"Forever Linked to the Ancients" -describes how Homer's "The Odyssey" is still very much relevant today. -explains how human nature links us to the ancient greeks of Homer's time

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Throughout the ages very few things in history have remained constant. Since the time of the ancient Greeks, entire cultures have flourished and died off, many great empires have risen to magnificent power and crumbled to dust, and great wonders have been built, only to be eroded by time and forgotten. Humans have succeeded in retaining only one thing throughout their existence and that is their own human nature. We possess universal human characteristics that transcend time and place. Human nature has yet to change and it is more than likely that it never will. By observing the heroic epic The Odyssey, one could find that the ancient Greeks possessed many of the same traits as modern people do today such as love, greed, and deceit.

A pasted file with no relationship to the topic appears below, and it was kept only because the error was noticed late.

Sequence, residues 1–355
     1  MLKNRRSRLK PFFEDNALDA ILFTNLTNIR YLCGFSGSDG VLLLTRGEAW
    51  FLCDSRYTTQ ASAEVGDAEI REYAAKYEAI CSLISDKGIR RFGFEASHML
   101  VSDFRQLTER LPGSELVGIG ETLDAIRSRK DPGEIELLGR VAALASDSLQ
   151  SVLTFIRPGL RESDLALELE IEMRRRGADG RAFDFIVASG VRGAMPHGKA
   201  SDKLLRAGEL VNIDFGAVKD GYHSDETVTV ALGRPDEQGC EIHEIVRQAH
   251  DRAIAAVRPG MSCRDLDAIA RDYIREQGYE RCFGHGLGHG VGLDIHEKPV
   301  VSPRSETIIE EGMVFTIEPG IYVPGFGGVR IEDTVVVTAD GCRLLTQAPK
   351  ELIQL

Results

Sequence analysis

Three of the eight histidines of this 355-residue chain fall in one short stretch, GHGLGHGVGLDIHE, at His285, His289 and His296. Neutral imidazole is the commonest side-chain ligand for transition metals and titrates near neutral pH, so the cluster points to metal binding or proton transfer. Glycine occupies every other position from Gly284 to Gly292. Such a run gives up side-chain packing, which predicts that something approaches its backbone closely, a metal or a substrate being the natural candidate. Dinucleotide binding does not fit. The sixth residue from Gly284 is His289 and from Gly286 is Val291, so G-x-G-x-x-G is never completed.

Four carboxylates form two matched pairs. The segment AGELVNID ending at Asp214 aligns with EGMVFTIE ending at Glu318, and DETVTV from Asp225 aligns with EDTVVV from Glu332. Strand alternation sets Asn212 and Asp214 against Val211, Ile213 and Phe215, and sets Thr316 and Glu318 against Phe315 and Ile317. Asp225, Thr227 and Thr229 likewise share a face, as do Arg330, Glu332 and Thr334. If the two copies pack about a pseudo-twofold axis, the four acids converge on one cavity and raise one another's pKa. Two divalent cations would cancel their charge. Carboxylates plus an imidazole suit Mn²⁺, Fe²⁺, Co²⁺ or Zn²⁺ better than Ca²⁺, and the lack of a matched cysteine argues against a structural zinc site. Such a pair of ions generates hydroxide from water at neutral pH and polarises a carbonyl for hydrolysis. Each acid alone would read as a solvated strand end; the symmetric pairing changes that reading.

One of the major elements of human nature that dominates The Odyssey is love. Love is what drives Odysseus to endure ten years of grueling hardship during his journey back to Ithaka. He overcomes many great obstacles in order to get back to his beloved wife Penelope who he has not seen for over a decade. A great example of this is when Odysseus is sitting on the beach of Kalypso the goddess and sea nymph's island and weeping for his wife Penelope and his home in Ithaka. "...found him (Odysseus) sitting on the seashore, and his eyes were never wiped dry of tears, and the sweet lifetime was draining out of him, as he wept for a way home, since the nymph was no longer pleasing to him." Despite the fact that Odysseus is chosen by the goddess Kalypso to be her lover and live in paradise, he can not be happy with this because he longs for his home and his wife Penelope. He would rather face the long,